9. 9. Inheritance in UML Class Diagram From the following UML Class Diagram – We know that Human is the superclass. – Lecturer and Student are subclasses of Human class. Human - name: string + Human (name: string) + speak (sentence: string): void Lecturer Student - room: string - CGPA: double + Lecturer (name: string, + Student (name:string, room: string) CGPA:double) TCP1201 OOPDS
10. 10. Superclass: Human The C++ Definition for the superclass Human: class Human { string name; public: Human(string name) : name(name) {} void speak(string sentence) { cout << "My name is " << name << ". " << sentence << endl; } }; TCP1201 OOPDS
11. 11. Defining Subclasses To indicate that a subclass inherits from superclass, we use a single colon ":", followed by an access privilege keyword (usually public) and the name of the superclass in the declaration. class subclass : public superclass : <constructor initialization list> { ... }; In most cases, subclass constructor should initialize superclass attributes. TCP1201 OOPDS
12. 12. Subclass Lecturer Hence, the declaration for Lecturer is as follows: class Lecturer : public Human { string room; public: Lecturer (string name, // name is for initializing // superclass attribute. string room); }; TCP1201 OOPDS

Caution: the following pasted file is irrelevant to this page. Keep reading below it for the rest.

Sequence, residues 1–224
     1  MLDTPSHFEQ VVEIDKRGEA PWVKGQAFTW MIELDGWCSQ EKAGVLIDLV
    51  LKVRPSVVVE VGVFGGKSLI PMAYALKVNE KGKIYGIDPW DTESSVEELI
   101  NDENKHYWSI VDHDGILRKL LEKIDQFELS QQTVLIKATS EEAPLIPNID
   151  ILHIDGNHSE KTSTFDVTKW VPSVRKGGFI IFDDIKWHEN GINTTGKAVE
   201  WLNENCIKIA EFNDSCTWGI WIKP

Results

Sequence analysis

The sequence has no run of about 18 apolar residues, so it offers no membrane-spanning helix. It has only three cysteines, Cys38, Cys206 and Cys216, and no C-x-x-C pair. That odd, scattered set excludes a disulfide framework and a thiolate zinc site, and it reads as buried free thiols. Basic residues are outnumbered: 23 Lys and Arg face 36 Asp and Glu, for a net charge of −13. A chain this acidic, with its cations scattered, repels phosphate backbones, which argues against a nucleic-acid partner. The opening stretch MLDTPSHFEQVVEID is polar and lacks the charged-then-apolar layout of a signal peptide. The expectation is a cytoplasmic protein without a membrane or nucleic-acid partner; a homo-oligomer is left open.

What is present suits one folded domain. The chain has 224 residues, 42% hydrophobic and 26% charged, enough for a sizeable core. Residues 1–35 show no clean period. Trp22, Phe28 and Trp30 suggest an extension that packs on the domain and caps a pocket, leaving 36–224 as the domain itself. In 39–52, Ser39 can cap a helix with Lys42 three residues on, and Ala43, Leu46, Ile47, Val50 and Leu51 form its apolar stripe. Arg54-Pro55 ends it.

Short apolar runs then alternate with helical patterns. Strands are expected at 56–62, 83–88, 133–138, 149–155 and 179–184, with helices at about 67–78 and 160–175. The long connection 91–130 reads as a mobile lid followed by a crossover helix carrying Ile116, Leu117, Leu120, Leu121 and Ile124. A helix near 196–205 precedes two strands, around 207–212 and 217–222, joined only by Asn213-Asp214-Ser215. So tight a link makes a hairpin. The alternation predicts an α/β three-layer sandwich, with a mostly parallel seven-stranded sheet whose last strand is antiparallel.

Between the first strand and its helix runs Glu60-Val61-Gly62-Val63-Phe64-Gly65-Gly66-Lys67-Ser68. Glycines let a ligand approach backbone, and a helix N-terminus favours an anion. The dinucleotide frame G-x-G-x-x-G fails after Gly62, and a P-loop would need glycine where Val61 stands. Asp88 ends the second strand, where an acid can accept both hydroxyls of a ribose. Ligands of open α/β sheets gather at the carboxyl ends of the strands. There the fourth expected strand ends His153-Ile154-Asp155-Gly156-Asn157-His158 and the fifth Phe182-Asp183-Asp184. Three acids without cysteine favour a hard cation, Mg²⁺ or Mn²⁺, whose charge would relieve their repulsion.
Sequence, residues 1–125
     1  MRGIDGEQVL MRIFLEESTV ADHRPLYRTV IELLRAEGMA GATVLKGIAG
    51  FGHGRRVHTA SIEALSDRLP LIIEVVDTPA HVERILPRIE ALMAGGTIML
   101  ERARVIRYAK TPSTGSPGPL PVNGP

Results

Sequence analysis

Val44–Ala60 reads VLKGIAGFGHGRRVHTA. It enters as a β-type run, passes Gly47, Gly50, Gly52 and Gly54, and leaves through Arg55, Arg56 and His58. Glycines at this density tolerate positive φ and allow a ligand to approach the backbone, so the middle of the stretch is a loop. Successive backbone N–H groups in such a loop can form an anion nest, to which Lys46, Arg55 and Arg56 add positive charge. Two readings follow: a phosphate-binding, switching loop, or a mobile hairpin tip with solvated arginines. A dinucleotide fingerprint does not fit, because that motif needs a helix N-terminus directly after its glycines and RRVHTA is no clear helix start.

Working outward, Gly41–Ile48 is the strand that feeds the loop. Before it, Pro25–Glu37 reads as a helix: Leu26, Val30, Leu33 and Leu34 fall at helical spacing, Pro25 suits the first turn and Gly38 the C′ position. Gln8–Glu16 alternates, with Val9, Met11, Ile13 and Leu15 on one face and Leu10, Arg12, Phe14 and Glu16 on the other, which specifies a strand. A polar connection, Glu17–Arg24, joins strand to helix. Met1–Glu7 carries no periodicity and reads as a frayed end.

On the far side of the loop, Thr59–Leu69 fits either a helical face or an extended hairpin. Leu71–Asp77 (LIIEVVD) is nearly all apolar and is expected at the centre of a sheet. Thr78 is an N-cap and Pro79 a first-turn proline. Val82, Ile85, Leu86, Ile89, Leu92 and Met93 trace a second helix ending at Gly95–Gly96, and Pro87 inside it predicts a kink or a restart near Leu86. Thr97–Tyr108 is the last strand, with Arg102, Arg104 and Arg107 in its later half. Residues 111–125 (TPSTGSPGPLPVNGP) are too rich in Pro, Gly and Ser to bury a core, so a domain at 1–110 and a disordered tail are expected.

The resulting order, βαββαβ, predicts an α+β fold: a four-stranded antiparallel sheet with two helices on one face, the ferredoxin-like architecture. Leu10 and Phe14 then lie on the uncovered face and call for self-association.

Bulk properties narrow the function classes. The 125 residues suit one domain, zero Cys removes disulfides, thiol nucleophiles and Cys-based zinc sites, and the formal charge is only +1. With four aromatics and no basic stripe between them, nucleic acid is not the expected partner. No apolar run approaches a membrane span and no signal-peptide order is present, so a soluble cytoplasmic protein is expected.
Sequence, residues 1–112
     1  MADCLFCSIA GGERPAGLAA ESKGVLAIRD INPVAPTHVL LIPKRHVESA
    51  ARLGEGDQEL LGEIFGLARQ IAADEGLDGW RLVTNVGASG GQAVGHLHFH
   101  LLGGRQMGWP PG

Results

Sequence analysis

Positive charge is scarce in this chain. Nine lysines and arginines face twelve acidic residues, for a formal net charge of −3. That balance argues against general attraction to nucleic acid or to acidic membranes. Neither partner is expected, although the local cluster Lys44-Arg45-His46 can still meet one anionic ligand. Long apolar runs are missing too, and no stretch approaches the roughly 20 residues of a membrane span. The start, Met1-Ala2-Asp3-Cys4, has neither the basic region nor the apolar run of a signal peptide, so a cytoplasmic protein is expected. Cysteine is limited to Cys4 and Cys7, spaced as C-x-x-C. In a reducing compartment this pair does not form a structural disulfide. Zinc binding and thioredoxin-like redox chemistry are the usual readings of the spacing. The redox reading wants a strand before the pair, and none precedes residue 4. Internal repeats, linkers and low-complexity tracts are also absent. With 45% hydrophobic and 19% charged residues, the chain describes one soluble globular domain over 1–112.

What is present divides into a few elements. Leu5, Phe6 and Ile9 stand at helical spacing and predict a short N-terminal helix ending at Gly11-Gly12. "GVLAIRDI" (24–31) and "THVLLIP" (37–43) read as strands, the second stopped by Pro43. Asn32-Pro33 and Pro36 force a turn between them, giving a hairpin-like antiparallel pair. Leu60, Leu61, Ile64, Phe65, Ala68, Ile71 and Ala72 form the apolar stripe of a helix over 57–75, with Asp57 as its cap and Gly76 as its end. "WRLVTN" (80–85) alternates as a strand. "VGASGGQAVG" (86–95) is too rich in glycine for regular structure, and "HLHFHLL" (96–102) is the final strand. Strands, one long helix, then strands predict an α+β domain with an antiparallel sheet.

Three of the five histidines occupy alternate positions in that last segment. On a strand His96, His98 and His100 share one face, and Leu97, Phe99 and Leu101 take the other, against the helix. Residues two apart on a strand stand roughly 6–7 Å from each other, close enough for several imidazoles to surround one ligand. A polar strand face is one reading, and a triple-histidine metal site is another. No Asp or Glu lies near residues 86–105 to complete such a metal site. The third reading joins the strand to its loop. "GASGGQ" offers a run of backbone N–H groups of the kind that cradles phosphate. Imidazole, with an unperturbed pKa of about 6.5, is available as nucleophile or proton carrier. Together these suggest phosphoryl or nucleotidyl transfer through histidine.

13. 13. Initializing Superclass from Subclass Wrong way of initializing superclass from subclass: Lecturer (string name, string room) { this->name = name; // Compile-error. this->room = room; } or Lecturer (string name, string room) : name(name), room(room) {} // Compile-error. The reason is name is a private attribute of superclass hence cannot be directly accessed by subclass. TCP1201 OOPDS 13
14. 14. Calling Superclass Constructor The correct way of initializing superclass is to invoke superclass constructor at subclass constructor initializer list. Lecturer (string name, string room) : Human(name) { // Correct. this->room = room; "calls" the Human constructor with } the argument name. or Lecturer (string name, string room) : Human(name), room(room) { } // Correct. Note that we are reusing existing code (Human constructor). TCP1201 OOPDS
15. 15. Inheritance Exampleclass Human { class Student : public Human { string name; double CGPA; public: public: Human (string name) : name(name) {} Student (string name, double void speak (string sentence) { CGPA) cout << "My name is " : Human(name), CGPA(CGPA) {} << name << ". " }; << sentence << endl; } int main() {};class Lecturer : public Human { Human h("Hugo"); string room; Lecturer l("Lee", "BR1111"); public: Student* s = new Student Lecturer (string name, ("Sarah", 3.99); string room) h.speak ("Ha"); : Human(name), room(room) {} l.speak ("Hi"); // Human::speak()}; s->speak ("Ho");// Human::speak()Output: delete s;My name is Hugo. Ha }My name is Lee. HiMy name is Sarah. Ho TCP1201 OOPDS
16. 16. Simpler Code Maintenance Now assume that both Lecturer and Student need a new attribute called address. Instead of adding the address at subclasses Lecturer and Student directly, we should add the address at superclass Human because the attribute will be inherited by both Lecturer and Student. The C++ Definition for the superclass Human: class Human { string name; string address; public: Human(string name, string address = "") : name(name), address(address) {} ... TCP1201 OOPDS